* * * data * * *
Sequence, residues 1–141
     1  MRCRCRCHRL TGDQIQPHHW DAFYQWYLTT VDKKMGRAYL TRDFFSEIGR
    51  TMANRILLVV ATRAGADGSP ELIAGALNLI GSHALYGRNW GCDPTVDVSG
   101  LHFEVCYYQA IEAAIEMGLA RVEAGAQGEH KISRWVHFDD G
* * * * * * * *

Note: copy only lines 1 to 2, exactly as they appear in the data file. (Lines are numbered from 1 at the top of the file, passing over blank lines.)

Sequence, residues 1–141
     1  MRCRCRCHRL TGDQIQPHHW DAFYQWYLTT VDKKMGRAYL TRDFFSEIGR